Submissions to the 2012 Review of the National Industrial Chemicals Notification and Assessment Scheme–Wacker Chemie AG

The Discussion Paper: Review of the National Industrial Chemicals Notification and Assessment Scheme (NICNAS)–June 2012 was released on 1 June 2012. Submissions were received betweeen 1 June and 27 July 2012. The comments received from this consultation process will be used to inform the government of stakeholder views.

Page last updated: 10 October 2012

PDF printable version of Wacker Chemie AG submission (PDF 154 KB

Wacker Chemie AG submission on the Review of NICNAS, 27 July 2012

From: Volker Rumpf
Wacker Chemie AG
Johannes-Hess-Str. 24
84489 Burghausen
Germany

Ph: +49 8677 83 5586
Fax: +49 8677 886 9722

Wacker Chemie AG submission on the Review of NICNAS, 27 July 2012, on the reform of NICNAS, and on the questions raised in the Discussion Paper.

Note 1: Many of the questions raised in the Discussion Paper are primarily based on making changes to the existing system for assessment of industrial chemicals. The suggestions below recommend a cost-effective pragmatic system so that many of the options and questions in the Discussion Paper are not directly answered or looked at.

Note 2: This submission is based on the submission circulated to industry on 23 July 2012 by Jeff Simpson, Haztech Environmental and adjusted as appropriate.

New Chemicals:

Australia needs a more workable and effective approach to introducing new chemicals into Australia, with an appropriate level and cost of reviewing these chemicals by NICNAS, particularly where innovative, safer and more environmentally benign chemicals are then able to be used in Australia, replacing more hazardous chemicals already on the AICS.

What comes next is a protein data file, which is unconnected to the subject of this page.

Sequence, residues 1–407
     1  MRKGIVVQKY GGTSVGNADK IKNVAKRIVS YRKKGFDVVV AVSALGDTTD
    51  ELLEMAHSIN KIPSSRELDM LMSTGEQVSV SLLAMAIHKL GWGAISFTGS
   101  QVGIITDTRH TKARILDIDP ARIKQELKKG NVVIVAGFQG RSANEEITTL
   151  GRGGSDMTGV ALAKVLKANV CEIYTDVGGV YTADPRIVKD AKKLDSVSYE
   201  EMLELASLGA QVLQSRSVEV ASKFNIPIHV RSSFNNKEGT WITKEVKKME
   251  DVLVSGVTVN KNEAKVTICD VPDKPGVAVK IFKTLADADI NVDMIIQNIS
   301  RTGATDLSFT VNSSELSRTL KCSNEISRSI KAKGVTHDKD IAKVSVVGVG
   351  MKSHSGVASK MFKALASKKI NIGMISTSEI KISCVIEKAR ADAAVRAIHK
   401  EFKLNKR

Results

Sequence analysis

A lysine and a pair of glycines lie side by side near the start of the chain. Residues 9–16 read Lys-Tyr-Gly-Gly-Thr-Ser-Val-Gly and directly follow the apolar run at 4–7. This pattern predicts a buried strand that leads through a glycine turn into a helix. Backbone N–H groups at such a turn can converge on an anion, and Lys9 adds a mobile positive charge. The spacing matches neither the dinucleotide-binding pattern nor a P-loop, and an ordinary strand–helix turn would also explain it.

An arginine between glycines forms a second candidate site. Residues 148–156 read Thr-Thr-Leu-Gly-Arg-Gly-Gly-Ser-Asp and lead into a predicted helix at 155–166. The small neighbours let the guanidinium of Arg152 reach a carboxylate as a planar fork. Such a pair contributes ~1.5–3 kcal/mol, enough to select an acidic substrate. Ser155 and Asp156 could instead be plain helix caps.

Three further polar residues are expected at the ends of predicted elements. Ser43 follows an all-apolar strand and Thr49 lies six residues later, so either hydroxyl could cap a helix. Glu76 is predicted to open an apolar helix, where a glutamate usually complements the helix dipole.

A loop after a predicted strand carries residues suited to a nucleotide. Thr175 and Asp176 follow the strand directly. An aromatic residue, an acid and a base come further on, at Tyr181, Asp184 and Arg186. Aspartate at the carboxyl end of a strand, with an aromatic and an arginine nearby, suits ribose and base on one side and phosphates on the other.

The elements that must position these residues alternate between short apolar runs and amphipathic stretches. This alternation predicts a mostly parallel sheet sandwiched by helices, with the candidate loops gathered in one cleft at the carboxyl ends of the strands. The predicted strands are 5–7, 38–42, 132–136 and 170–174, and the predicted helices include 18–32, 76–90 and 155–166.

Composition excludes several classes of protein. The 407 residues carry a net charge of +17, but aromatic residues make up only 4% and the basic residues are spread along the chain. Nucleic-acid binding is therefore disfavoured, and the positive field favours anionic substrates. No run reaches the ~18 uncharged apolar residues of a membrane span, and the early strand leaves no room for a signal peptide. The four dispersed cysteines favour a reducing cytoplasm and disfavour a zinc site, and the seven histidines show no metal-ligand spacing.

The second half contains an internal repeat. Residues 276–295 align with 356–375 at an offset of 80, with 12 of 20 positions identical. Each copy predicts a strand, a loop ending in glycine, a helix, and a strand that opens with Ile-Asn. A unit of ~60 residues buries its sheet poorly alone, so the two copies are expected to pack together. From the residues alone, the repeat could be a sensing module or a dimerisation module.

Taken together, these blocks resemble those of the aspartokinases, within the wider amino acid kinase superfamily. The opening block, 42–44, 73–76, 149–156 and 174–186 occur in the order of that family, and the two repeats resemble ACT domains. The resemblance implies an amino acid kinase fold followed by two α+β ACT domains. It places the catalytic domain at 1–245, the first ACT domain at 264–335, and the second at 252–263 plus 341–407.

The cost structure of the current NICNAS processes keep industry relatively often from introducing a new product (substance) into Australia, even if the chemical substance is toxicologically and ecotoxicologically well understood and fully examined and instead will continue to provide “inferior” chemistry, that is already listed on AICS. Business always will (have to) recover the cost of a market introduction, or not do it.

In order to achieve the goal of safer, more sustainable chemicals, NICNAS would need to concentrate on the review of hazardous chemicals and reduce cost and administrative burden for the introduction of non-hazardous chemicals.

Top of pageA number of measures altogether or even individually would help to make the system more workable for both industry and NICNAS and would allow more innovative (mostly less hazardous) chemistry on the Australian market.
  • Allow larger volumes between 500 kg and 1 ton of a new substance to be introduced annually into Australia, without further control. This would allow chemical companies to test the market for new chemicals or products and make it easier to justify cost for a notification, if still required. Classification of the substances and providing information on safe handling of these products to customers is good practice and will remain unchanged, even without any type of permit or notification.
  • Introduce a <1% concentration exemption for non-hazardous chemicals in products and an exemption for hazardous chemicals below their classification threshold, which is in general at < 0.1%, for some substances might be lower.